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Wish I May Wish I Might is a blog created by writer, creative director, and citizen of the world, Julie Gordon, to help make the world a safer place to be human.




The GREAT Barrier Reef.

Julie Gordon

I’m in Cairns now. You pronounce the s. It’s a funny tropical seaside town, most well known for its proximity to the Great Barrier Reef. Did you think the reef was one long winding stripe of gorgeous coral and fish and other trippers in the life aquatic? I did too. We’re wrong. There are hundreds of little reefs or bunches of corals and sea creatures running along the Gold Coast that all together form the Great Barrier Reef. All the big reefs have names and some are more like islands during low tide when their sandy bits are exposed. They tell you to visit the outer parts of the reef as those parts are less frequented and therefore in more pristine condition. I did as told, and today took a trip out to Milln, Thetford, and Moore reefs.

It rained much of the night and into this morning. When I was walking to the docks from my hotel at 7am, it alternately poured and dribbled from the sky. I crossed my fingers that the sun would come out at some point, and my fingers did the trick, but not until later in the afternoon.

Due to the rain and the wind, the seas were rough. The 1.5-hour trip out on a high-speed catamaran was really choppy. Many, many people were sick. I played fairy godmother and passed out a few spare seasickness pills to help a brother out, because it was just sad to watch people curled up in the fetal position on the deck of the boat wasting their $200 trip to snorkel in what can only be described as a real live aquarium. Seriously. They drive the boat for an hour and a half out to what looks like the middle of the ocean, drop anchor, give a brief safety lecture, and then encourage you to swim off the back of the boat and look around the ocean. In the middle of nowhere. With nothing but the boat to guide you. It is so fucking cool—once you get over the middle-of-nowhere-did-someone-say-sharks? part.

At the first reef I was just getting my feet wet, so to speak. I went out for almost the whole time and just stared in disbelief at the reef. Have you ever seen a Parrot Fish? They’re named well. They look like a bright, multi-colored fish with a short parrot beak that they use to chomp on coral so they can eat the animals inside. They just nomnom their way along the coral, crunching and swimming and looking beautiful. We got so caught up in the sights that my swimming buddy Cecile and I swam out about 100 meters, which was 50 meters farther than they wanted us to go. Oops. Sorry, not sorry.

At the second reef I’d gotten the swing of things, so I went in search of turtles. I ended up finding positively gigantic fish there, hiding in the shadows under the lips of the large corals. And giant, colorful clams. When I say giant, I mean enormous. Like the size of love seat. My favorite one was dark purple with bright blue and green freckles along its lips. It didn’t move much, just a whisper along the edges of the shell, where it made holes to let in water. There were four of them parked there on the bottom of the ocean, just chillin’ like villains all royal in their purple hue.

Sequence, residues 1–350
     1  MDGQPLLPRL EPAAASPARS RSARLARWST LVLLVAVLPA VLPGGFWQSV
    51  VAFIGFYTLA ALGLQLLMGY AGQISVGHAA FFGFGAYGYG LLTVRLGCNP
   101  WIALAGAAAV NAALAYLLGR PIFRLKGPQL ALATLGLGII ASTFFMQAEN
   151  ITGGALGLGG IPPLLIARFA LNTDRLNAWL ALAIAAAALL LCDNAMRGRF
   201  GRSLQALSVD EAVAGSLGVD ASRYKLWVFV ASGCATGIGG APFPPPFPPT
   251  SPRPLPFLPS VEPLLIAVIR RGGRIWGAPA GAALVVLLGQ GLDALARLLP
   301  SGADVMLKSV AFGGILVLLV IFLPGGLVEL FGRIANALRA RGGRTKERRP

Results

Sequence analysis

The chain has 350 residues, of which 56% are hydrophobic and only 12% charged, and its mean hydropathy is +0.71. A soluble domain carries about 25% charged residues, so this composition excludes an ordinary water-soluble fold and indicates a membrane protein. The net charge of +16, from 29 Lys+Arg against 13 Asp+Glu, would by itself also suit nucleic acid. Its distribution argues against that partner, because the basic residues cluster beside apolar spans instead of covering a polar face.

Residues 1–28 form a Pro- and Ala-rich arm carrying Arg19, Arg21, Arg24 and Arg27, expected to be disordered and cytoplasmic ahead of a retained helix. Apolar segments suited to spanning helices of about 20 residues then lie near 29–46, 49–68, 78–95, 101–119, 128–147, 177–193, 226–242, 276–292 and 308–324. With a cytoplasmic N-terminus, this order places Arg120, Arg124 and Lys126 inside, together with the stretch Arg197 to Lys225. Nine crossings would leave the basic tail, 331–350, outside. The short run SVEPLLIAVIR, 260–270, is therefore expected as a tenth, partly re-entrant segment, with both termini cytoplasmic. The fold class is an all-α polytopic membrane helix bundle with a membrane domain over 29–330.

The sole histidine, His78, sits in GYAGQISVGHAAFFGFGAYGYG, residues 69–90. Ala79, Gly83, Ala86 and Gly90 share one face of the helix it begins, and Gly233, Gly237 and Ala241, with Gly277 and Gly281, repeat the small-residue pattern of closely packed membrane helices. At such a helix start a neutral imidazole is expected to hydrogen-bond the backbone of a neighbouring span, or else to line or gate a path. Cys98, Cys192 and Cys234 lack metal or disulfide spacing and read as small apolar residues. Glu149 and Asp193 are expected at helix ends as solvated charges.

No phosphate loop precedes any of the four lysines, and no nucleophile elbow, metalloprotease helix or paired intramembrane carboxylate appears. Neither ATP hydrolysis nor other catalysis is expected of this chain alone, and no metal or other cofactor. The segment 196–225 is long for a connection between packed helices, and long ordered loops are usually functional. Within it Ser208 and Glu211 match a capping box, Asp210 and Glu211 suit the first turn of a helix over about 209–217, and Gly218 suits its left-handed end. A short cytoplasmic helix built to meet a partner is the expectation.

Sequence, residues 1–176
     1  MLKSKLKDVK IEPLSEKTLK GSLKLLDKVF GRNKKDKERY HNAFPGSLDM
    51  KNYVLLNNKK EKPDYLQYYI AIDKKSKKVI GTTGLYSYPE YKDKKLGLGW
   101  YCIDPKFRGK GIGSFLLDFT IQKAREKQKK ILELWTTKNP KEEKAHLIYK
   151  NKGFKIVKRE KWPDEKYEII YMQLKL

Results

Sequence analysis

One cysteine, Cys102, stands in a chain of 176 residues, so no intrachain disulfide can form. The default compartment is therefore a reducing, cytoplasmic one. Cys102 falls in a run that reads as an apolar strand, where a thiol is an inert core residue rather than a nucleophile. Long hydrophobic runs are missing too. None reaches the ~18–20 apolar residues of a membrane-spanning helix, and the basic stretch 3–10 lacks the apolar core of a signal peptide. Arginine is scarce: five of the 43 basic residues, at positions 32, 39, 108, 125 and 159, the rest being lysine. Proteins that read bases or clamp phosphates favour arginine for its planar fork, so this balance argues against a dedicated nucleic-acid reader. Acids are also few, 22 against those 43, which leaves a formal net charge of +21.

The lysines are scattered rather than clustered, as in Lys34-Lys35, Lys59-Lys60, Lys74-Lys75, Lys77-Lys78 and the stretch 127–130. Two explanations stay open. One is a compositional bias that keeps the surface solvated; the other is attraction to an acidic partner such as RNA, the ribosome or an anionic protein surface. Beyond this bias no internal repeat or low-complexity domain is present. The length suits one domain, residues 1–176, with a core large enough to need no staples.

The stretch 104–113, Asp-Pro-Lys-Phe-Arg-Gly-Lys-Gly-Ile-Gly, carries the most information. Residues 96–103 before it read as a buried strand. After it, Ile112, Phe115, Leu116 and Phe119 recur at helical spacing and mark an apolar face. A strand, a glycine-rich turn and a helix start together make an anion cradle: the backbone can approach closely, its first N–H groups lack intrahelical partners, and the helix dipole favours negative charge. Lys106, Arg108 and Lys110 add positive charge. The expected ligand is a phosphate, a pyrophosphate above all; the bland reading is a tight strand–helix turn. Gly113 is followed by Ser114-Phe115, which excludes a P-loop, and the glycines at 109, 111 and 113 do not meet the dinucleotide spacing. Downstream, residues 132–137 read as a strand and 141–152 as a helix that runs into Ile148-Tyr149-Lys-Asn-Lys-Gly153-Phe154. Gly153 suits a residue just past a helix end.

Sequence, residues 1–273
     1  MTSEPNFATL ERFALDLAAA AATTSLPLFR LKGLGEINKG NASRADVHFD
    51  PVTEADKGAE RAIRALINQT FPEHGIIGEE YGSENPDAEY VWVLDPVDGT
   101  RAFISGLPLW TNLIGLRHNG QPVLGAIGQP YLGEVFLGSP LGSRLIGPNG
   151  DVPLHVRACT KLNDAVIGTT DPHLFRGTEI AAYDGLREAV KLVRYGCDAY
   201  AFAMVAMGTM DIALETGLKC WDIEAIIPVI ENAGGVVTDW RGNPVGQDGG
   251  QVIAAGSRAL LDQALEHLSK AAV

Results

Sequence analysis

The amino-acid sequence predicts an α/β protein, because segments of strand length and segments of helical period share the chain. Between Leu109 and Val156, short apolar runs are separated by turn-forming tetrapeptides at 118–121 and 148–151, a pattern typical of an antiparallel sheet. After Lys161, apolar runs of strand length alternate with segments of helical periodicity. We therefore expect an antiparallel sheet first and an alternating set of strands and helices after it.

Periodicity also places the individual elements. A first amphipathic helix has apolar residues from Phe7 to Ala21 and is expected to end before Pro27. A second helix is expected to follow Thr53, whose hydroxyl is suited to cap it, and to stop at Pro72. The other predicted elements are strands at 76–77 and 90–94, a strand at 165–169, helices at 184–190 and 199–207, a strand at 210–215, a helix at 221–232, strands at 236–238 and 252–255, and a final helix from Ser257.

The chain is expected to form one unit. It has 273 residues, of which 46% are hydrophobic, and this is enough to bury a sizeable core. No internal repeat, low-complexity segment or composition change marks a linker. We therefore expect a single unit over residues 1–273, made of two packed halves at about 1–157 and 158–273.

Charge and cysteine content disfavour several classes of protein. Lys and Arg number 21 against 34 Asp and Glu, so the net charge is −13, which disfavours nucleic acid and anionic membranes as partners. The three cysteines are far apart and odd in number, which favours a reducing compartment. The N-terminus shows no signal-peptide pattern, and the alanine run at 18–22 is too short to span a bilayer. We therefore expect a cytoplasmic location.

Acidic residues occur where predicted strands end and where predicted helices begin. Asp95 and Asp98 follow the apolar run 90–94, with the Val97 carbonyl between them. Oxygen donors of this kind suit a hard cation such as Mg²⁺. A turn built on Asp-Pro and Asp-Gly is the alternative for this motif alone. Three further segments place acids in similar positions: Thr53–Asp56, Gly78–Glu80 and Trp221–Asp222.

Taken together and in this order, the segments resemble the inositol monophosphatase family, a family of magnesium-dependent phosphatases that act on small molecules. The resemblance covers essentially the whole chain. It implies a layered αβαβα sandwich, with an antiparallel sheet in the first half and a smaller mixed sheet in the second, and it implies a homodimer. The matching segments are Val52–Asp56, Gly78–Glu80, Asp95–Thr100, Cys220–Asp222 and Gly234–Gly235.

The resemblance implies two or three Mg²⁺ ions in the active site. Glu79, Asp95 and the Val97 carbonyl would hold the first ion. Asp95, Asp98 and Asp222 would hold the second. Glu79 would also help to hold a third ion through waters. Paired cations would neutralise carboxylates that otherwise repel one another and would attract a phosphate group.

At the third reef, I was an “expert.” Cecile and I swam out together as part of the tour, saw Nemo (a clown fish that hides in sea anemones to protect its young), and then we swam off once again in search of turtles. At some point we separated, and I realized once again I’d swam out quite far. This time I knew to look up at the boat to check in for my own good, so I recalibrated and headed over to another part of the reef that they recommended. Finally I was alone.

It was nearing the end of our time out, I could feel it. And while I’d seen so many wonderful creatures, the big two had eluded me. I’d finally seen a stingray wind and wiggle it’s way along the bottom of the sand. But no turtles and no sharks. Then, there she was. A gorgeous sea turtle appeared out of nowhere and swam up to the surface to breathe. I clapped my hands underwater in excitement. She bobbed and breathed, taking in the scenery, totally unbothered by my presence. She didn’t surface for long, maybe 30 seconds to a minute at most, and then she dove down to the coral again to continue to age gracefully, as turtles do. I watched her glide down so elegantly, full of enough air to last her another 30 minutes below the surface. Satisfied and exhausted, I headed back to the boat to tell Charles, our snorkeling guide, of my discovery.

I’m heading out tomorrow to Frankland Islands, an uninhabited coral-fringed island with white sand beaches. We will snorkel some more, lounge on the white sand, and I will try my best to turn brown instead of red. So far, I’m winning the battle against the sun—but barely. I have so many freckles, it’s too bad they can’t all just merge into a nice brown tan. Dare to dream.